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So if I have this right, when one of my characters is using a thaumaturgical ritual, lets say creating wards, then the ward strength and length are determined by how many shifts of power, in total, the character can summon. These shifts get split between desired effect strength and how long the effect will last, right?

Also can the player spend multiple turns, gathering a small amount of power and controlling it every turn, to get a whopping number? For instance, Dan gathers 3 power per turn for 10 turns. He now has a total of 30 power? That seems outrageous to me. He invoked no aspects, just spent time on gathering and controlling.

Questions:

  1. Thaumaturgical rituals are split between strength and duration like evocations, right or wrong?

  2. Can a character use multiple turns to gather energy for thaumaturgy?

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I found logicaly very close question rpg.stackexchange.com/questions/9988/… it may have more food for your thougths –  aardvark Nov 22 '12 at 18:31

1 Answer 1

up vote 7 down vote accepted

Q: Thaumaturgical rituals are split between strength and duration like evocations, right or wrong?

Right. Spell effect = complexity of spell in shifts, for thaumaturgy. And complexity partially created from strength and duration.

Q: Can a character use multiple turns to gather energy for thaumaturgy?

Yes. [YS p.262]

Choose an amount of power to funnel into the spell and roll Discipline to control that energy, with any uncon trolled shifts potentially becoming backlash or fallout. Unlike evocation, so long as you continue to make your Discipline rolls, you can continue to funnel power into the spell in successive rounds of casting. When the power in the spell equals the complexity, you’ve successfully cast it.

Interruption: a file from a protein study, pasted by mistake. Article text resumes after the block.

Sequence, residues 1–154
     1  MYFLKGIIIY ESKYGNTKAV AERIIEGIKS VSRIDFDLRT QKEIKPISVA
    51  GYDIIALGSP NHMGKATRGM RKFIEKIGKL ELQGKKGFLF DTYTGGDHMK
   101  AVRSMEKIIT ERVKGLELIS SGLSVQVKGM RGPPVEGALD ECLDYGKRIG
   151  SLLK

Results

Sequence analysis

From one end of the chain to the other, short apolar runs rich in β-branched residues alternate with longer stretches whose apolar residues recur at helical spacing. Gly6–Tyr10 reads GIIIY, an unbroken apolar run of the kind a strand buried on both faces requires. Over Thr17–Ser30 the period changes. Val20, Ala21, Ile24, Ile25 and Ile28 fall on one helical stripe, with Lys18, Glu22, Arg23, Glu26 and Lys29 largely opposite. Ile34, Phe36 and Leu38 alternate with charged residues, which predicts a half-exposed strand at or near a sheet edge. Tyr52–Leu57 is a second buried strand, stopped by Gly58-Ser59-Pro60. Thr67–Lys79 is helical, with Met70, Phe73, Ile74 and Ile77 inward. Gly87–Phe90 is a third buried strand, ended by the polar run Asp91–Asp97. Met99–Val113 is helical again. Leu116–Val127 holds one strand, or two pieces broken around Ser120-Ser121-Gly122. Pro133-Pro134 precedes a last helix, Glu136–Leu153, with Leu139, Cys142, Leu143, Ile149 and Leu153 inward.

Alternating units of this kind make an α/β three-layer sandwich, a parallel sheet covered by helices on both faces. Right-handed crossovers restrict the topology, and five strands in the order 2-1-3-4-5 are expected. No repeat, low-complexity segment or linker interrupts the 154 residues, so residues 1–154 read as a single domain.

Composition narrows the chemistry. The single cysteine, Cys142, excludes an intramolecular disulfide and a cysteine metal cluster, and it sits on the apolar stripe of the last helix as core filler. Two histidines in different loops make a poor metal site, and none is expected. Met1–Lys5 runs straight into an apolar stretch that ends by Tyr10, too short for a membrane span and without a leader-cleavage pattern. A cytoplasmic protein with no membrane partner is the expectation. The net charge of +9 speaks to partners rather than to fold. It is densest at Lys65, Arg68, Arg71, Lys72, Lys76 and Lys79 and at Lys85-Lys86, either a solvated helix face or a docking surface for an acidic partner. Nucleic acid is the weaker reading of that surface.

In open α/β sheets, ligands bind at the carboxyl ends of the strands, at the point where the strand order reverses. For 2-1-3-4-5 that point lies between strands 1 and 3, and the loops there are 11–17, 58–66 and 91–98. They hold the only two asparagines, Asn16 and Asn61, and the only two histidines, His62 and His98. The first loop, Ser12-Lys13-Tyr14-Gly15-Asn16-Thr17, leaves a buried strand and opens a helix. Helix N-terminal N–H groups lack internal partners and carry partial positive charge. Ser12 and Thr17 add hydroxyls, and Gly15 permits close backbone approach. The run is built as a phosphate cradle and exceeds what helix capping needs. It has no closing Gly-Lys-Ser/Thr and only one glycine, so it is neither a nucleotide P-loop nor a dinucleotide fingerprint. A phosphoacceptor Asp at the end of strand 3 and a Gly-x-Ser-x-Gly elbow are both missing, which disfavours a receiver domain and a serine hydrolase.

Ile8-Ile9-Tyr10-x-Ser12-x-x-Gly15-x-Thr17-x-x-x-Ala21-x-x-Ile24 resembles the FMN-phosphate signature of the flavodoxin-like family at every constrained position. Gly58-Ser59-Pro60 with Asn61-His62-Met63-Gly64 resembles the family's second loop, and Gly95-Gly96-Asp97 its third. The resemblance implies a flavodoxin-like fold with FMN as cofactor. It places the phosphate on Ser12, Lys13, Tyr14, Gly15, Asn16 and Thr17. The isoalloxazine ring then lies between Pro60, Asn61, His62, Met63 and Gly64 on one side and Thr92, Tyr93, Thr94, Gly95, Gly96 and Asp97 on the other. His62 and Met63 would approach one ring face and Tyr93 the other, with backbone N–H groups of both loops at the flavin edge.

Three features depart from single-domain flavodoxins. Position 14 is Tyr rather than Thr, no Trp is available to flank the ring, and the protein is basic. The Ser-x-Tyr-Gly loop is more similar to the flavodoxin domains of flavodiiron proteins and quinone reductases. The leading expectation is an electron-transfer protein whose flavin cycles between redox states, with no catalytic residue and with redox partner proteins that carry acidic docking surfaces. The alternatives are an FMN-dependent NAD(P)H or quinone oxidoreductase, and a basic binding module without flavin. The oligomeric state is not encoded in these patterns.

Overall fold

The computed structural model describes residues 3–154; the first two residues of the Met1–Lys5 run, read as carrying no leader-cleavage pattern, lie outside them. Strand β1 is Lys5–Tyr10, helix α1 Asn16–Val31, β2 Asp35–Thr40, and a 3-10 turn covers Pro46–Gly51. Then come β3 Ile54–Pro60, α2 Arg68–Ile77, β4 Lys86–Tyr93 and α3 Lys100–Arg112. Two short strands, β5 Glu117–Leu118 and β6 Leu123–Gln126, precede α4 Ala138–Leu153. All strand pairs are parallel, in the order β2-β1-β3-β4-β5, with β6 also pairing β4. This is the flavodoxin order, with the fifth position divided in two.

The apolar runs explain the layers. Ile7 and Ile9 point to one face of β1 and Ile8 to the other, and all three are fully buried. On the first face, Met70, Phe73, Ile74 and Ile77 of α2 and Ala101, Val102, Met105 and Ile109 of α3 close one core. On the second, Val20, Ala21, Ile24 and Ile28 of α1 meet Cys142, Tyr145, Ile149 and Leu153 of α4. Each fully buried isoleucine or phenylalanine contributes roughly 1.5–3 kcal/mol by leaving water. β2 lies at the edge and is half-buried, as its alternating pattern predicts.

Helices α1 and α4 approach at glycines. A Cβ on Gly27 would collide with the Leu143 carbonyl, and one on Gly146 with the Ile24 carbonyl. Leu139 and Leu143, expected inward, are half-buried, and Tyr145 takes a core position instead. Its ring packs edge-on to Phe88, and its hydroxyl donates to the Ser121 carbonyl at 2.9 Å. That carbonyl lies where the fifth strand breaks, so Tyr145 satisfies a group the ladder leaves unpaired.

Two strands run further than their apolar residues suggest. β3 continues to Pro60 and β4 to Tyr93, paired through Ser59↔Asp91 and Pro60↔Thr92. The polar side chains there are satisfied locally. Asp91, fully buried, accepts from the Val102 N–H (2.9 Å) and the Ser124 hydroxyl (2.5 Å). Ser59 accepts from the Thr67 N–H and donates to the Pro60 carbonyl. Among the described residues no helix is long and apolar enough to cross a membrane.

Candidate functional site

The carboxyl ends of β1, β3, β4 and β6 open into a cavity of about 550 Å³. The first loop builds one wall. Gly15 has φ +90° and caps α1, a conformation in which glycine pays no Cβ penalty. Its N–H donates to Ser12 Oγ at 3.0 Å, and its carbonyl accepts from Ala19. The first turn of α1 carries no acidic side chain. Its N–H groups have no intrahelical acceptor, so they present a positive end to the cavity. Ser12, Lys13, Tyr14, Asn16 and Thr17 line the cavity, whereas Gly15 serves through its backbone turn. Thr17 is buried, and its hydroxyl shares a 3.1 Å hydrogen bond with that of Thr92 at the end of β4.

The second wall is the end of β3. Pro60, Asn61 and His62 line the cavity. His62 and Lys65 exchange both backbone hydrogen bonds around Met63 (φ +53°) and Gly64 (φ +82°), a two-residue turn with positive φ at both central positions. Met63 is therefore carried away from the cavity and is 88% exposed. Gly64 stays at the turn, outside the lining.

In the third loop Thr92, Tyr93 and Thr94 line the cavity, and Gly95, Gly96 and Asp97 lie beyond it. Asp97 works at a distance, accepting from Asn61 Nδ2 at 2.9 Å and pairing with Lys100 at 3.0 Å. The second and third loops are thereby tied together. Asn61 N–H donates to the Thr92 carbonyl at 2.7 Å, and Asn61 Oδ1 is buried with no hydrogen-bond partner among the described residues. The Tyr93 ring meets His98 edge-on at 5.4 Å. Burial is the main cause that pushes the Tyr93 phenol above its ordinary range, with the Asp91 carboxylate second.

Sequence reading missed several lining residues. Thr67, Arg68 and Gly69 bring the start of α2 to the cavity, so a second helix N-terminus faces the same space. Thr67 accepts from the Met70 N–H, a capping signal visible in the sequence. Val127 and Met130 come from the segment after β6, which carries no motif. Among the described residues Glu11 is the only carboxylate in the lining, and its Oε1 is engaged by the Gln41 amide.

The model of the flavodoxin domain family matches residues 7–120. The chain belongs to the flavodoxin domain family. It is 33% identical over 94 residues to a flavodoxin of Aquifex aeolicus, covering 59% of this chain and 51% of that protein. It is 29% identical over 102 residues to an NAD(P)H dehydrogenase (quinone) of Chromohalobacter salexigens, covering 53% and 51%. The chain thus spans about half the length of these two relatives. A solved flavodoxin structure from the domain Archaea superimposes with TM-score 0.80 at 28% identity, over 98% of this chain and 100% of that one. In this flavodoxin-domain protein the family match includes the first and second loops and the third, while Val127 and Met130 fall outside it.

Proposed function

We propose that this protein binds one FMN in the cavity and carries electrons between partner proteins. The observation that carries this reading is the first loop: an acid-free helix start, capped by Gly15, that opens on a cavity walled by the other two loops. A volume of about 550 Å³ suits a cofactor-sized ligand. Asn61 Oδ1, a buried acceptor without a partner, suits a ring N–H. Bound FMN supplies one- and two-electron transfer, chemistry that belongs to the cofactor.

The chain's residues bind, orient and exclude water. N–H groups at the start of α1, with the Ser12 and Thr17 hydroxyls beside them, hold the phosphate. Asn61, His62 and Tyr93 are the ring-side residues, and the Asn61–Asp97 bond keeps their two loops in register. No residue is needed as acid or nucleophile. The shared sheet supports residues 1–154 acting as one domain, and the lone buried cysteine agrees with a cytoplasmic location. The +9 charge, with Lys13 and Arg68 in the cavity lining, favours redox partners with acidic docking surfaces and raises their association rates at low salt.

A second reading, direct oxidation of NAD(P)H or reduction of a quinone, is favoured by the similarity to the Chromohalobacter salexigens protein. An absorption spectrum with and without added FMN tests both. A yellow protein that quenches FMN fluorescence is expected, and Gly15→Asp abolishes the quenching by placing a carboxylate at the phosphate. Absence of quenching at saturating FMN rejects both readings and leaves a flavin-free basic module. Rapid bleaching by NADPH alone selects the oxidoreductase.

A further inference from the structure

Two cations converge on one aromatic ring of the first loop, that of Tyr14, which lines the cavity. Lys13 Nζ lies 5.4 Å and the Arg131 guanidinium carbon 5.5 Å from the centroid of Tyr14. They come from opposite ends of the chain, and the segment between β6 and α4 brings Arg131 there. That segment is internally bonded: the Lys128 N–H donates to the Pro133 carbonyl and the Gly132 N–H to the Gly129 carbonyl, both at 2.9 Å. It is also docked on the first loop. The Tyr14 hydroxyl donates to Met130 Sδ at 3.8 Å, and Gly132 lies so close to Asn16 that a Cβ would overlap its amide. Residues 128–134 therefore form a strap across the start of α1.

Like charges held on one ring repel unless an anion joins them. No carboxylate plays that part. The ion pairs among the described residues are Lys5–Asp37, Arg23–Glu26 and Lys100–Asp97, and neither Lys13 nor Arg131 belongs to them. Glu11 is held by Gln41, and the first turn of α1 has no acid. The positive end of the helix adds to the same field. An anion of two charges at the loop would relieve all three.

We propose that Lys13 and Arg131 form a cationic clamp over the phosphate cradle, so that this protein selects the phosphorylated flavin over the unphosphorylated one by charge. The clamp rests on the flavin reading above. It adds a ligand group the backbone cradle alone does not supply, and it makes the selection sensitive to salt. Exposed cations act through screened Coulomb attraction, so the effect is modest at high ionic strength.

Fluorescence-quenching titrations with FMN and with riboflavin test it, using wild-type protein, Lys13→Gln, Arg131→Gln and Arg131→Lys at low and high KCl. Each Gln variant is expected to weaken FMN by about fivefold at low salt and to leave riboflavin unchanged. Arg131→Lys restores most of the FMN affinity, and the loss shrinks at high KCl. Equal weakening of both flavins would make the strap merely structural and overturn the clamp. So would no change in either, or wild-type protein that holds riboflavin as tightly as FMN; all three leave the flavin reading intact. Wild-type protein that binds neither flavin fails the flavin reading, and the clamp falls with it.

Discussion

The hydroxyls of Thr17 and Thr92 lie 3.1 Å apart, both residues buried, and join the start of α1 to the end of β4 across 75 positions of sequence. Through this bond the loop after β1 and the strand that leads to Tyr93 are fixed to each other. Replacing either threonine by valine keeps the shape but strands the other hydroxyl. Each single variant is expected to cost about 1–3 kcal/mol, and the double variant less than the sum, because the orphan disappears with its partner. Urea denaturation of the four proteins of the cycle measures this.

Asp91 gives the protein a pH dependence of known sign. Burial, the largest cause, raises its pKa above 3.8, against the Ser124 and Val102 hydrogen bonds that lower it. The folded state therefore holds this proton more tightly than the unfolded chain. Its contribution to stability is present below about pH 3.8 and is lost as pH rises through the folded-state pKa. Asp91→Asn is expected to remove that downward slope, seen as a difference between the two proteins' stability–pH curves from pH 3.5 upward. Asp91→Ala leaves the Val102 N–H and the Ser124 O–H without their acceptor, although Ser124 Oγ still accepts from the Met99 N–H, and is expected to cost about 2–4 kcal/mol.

But there is one big whooping No. Channeling energy does not mean meeting spell complexity requirement. You must lower complexity before you can even start to channeling energy for spell. If complexity is higher than your Lore you just can not make this happen.

You must make up the deficit between your Lore and the total complexity of the spell. There are multiple techniques for doing this at the table.

  • Invoke aspects
  • Make declarations
  • Accept or inflict consequences
  • Skip a scene
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Thank you! That answered my questions perfectly. –  Drew Nov 22 '12 at 12:56
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FYI, bringing down the complexity to be equal or less than Lore, using declarations, aspects, consequences, etc., thematically means going around and doing things to raise your understanding and connection to the ritual. It's mechanically lowering complexity, but fictionally it's more like increasing your lore-understanding and your access to objects of sympathy or power. –  SevenSidedDie Nov 22 '12 at 16:29

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